Wednesday, February 08, 2017

Acromegaly produces a lean and well muscled diabetic

TLDR: Growth hormone causes lipolysis, makes you slim, preserves muscle mass and makes you diabetic. Blocking the acute lipolysis of exogenous growth hormone exposure (acipimox again) stops the insulin resistance developing. The rest of the post is just me musing on clinical acromegaly, probably not interesting to most.

A follow-on to the paper using intermittent hypoxia to induce weight loss combined with glucose intolerance is to look at a similar effect from growth hormone. Growth hormone excess, amongst many actions, causes fat loss, muscle gain and diabetes.

There is pretty convincing evidence that the glucose intolerance is due to the rise in free fatty acids induced by the weight loss. In the short term this can be very effectively blocked by, guess what, acipimox of course. This paper makes the point rather well:

Inhibition of lipolysis during acute GH exposure increases insulin sensitivity in previously untreated GH-deficient adults

I'd picked that paper up while I'd been been reading about acipimox and then I'd heard a completely unrelated snippet of great interest about pancreatic amyloid in acromegalic cats.

Ordinary (non acromegalic) diabetic cats frequently have amyloid accumulation within their islets. It's thought that amylin is co-secreted with insulin and forms precipitates of amyloid, if enough is co-secreted. Amyloid is also common in the pancreas of non diabetic elderly cats but this clearly begs the question of what you mean by "not diabetic". That's another line of thought for anyone who has read Kraft on diabetes in-situ.

Anyway, the rumour I have heard is that acromegalic cats, diabetic or not, have no amyloid in/around their beta cells.

That's very interesting. They're often very diabetic...

Now, clinically, we don't measure growth hormone to diagnose acromegaly. We measure the ILGF-1 produced by the liver under the influence of GH. The question to me is: Does ILGF-1 act as an insulin mimetic under conditions of high GH? Are the islets of acromegalic cats free of amyloid because they are not needing to secrete so much insulin to develop those co-secreted amylin precipitates? Can ILGF-1 "side step" the insulin resistance caused by the elevated FFAs induced by GH excess? Or anything else?


People with defective insulin receptors, insulin resistance A (the mild form) or Leprachaumism (the severe form) are diabetic and non-responsive to exogenous insulin. Genetically broken receptors don't work very well. The same applies to people with Berardinelli–Seip syndrome but here the intense insulin resistance is caused by elevated free fatty acids and their intracellular derivatives following on from the lipodystrophy (this is much the same as the insulin resistance following weight gain from acipimox noted after exposure non-intermittent hypoxia plus acipimox in the last post, where exogenous insulin did nothing to blood glucose).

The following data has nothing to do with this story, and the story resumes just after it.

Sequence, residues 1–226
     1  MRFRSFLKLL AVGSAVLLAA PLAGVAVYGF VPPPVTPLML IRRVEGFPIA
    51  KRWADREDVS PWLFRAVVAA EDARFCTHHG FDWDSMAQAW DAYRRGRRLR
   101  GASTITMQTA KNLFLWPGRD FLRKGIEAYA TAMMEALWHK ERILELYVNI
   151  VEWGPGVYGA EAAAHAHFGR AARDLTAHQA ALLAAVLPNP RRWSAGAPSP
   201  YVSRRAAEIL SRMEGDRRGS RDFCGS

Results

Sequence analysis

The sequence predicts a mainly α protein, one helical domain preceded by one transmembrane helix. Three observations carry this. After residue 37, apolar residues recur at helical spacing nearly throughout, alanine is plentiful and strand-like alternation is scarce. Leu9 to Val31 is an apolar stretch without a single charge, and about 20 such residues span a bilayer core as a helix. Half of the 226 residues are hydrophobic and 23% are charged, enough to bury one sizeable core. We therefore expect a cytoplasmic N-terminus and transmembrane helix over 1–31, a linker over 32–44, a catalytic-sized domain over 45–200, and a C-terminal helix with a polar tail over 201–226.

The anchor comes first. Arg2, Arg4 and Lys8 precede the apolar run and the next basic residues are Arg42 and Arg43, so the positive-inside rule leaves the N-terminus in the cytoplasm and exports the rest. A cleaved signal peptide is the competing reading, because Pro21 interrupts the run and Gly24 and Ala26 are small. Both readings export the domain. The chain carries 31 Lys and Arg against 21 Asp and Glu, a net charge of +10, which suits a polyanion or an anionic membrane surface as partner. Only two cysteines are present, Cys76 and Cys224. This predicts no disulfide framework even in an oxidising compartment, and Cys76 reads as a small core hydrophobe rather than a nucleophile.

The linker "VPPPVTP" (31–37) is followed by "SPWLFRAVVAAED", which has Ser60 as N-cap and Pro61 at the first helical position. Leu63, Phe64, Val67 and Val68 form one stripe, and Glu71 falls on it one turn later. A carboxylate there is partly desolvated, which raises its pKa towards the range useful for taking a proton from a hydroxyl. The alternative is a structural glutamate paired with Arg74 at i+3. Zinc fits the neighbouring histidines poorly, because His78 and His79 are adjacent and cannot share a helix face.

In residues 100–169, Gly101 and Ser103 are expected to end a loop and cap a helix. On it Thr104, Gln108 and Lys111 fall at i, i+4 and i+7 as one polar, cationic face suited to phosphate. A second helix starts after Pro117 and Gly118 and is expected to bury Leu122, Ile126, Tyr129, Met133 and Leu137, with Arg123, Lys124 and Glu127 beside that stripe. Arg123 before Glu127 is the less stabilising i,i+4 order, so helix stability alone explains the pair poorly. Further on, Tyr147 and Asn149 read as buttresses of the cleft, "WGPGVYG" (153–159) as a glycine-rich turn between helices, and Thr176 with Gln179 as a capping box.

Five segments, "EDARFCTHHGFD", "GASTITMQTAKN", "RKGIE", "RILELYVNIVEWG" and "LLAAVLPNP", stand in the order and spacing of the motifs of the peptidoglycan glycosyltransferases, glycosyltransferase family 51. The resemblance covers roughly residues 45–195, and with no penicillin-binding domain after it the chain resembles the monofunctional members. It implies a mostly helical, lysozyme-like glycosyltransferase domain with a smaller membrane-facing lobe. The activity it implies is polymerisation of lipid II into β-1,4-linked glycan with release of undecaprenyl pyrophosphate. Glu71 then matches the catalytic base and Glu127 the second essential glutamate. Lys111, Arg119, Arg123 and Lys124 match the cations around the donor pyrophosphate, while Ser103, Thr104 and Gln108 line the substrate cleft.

Each of these severe insulin resistance syndromes respond to exogenous ILGF-1 with a sustained fall in blood glucose levels.

Trial of insulinlike growth factor I therapy for patients with extreme insulin resistance syndromes

If ILGF -1 is effective in Berardinelli–Seip syndrome I see no reason why it shouldn't be effective at side stepping the FFAs of acromegaly. It won't produce normoglycaemia as it is tonically present, so doesn't respond to food intake (a bit like a basal exogenous insulin). But it does spare the pancreas this basal function so it can do its best to cover meals, working against the FFAs of acromegally...



Passthecream said...

Peter, it is intensely interesting!

Peter said...

Some things make some sense of clinical experience over the last 30 years!


Rattus said...

Reminds of Laron syndrome, basically a mutation in growth hormone that causes dwarfism. Scientists studied a family in Ecuador that all had it and as a whole they largely avoided cancer and diabetes to a much greater extent than the general population.

Peter said...


There is ton of work on GH deficient rodents and they hold the record for rodent longevity.

BTW Ketogenic diets drop GH! That's another post or two waiting.


bill said...

Good info.

Off Topic: Should cats be eating carbs?

Peter said...

bill, no


Unknown said...

Hi Peter, a little off topic question.
I was reading you proton post and was questioning how would medium chain fatty acids would interact with the mitochondria. For example, lauric acid, the main fat in coconut oil, is a 12 carbon fat. I know they are sent to the liver for metabolism but in the mitochondria, how are they oxidized in regards to superoxide FADH2 and NADH.

Peter said...

Leo, FADH2:NADH ratios are

Palmitate 0.48
C8 caprylic 0.47
Palmitoleic 0.45

Linoleic will be somewhere around 0.42 ish...
C8 is what the peroxisomes convert extremely long chain fatty acids to before transfer to mitochondria, i.e. evolution "likes" MCTs.


Passthecream said...

You're racing on ahead now but digesting what you've written here, its lucky that Donohue syndrome is so rare, and similar conditions, as they are so lethal. I note from wikip about Donohue's "Another feature of the disease is that the subcutaneous adipose tissue is markedly diminished,"

I'm guessing that this is because it is impossible to push much fat into adipocytes without functioning insulin receptors. Harder to see how that ties in with your next two posts.

Peter said...

Pass, like the FIRKO, LIRKO and all other IRKO k/os roled together....


Passthecream said...

Ah. Totally nasty. A catabolic disaster. And it shows how high level signalling is totally irrelevant in the face of low level insulin system disfunction.